In September 2017, the Substance Abuse and Mental Health Services Administration (SAMHSA), the National Association of Counties (NACo) and the Laura and John Arnold Foundation (LJAF) hosted the Data-Driven Justice and Behavioral Health Design Institute (Design Institute) in Rockville, Md. The Design Institute convened 13 teams committed to the Data-Driven Justice (DDJ) initiative. Teams were selected through a competitive process to work directly with expert faculty in facilitated sessions and workshops to create action plans for developing and using integrated data systems that would aid their jurisdictions in identifying high utilizers of jails and crisis services. This case study is part of a series highlighting counties that participated in the Design Institute.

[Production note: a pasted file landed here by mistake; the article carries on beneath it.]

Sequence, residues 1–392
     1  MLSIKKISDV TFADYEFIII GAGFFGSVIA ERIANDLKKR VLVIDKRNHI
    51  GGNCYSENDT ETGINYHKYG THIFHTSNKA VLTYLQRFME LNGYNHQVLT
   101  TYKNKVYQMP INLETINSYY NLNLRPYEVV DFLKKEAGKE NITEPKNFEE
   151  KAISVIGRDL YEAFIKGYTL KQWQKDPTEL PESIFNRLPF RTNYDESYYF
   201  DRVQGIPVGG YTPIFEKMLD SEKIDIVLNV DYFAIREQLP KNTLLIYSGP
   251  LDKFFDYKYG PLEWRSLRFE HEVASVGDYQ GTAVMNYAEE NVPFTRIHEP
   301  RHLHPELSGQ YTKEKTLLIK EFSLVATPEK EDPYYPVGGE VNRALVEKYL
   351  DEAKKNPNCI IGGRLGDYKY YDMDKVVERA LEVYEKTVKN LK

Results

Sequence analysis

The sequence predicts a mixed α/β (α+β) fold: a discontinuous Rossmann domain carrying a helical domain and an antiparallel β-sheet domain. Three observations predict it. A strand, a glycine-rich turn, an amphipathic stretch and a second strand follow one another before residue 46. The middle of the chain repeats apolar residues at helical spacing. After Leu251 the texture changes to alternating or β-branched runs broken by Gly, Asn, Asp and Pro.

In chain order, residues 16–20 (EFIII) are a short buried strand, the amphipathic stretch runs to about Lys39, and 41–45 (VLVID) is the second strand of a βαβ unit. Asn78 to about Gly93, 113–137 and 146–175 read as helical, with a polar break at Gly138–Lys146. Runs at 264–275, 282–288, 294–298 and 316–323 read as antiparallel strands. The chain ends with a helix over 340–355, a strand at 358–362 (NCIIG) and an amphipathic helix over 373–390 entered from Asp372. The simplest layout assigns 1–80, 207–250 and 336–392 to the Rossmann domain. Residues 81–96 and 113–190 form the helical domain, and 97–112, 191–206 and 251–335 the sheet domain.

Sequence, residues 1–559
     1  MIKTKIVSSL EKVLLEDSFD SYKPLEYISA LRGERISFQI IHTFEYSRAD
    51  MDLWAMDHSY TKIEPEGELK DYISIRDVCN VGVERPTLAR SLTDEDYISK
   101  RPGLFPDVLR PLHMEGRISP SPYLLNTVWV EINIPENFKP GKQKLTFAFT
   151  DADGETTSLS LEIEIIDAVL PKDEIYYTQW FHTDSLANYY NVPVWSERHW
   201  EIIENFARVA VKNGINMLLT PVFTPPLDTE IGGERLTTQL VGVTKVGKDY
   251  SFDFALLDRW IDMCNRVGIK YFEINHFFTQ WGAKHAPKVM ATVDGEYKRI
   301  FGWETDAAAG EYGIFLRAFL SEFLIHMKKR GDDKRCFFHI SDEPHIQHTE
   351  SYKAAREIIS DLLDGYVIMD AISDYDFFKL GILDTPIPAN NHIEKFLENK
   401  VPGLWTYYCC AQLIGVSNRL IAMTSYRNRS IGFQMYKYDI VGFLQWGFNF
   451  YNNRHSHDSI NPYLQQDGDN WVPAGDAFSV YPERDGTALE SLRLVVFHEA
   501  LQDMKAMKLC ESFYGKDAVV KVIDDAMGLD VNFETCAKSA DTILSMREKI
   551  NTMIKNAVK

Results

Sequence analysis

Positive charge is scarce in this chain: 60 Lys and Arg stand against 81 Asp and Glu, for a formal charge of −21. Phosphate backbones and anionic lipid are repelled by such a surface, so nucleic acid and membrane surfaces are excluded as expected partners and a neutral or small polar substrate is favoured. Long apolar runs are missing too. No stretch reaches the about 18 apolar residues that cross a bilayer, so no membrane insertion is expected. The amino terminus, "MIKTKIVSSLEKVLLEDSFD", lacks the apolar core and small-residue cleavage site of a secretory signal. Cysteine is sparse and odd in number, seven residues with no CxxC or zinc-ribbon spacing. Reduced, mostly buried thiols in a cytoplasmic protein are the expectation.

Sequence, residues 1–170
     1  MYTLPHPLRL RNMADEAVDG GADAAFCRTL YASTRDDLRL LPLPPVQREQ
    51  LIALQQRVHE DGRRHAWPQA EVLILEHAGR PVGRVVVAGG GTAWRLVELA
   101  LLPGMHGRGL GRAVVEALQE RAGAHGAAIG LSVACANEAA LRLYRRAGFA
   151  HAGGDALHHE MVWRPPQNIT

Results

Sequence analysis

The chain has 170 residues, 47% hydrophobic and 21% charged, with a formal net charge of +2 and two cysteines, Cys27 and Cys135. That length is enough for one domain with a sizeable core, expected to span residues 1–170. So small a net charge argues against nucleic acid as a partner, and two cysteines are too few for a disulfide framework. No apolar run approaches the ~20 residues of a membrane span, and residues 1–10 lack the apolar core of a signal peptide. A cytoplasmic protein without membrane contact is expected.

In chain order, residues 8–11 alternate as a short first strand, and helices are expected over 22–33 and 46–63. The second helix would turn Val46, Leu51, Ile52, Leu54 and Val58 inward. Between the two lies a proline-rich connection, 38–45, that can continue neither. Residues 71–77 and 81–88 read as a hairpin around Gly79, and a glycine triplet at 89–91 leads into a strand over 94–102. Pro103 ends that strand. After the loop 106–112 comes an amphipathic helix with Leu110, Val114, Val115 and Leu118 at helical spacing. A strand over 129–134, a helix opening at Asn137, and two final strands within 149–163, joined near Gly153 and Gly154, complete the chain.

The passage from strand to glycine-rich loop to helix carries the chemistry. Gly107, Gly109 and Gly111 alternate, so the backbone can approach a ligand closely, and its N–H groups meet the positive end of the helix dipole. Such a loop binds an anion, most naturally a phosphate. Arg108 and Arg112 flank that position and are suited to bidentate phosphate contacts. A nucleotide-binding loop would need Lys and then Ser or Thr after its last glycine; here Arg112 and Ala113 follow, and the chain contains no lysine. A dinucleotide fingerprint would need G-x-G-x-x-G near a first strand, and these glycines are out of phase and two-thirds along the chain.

When the county attended the Design Institute it identified two priorities. The first priority was to gather the data necessary to understand the delivery and consumption of behavioral health, emergency and criminal justice services. The second was to identify the appropriate measures for determining the effectiveness or success of each service. In order to address these priorities, the county is creating a map of its data systems, including data elements that are stored within existing databases, developing a data governance strategy and identifying a technology solution that would allow data owners to share deidentified datasets with other stakeholders in order to identify high utilizers—also called frequent utilizers—with cross-system interactions. The priorities identified and action plan developed by the Berks County team at the Design Institute support the CJAB’s goals to use data and technology to better understand, design and implement effective and appropriate services for people with mental illnesses.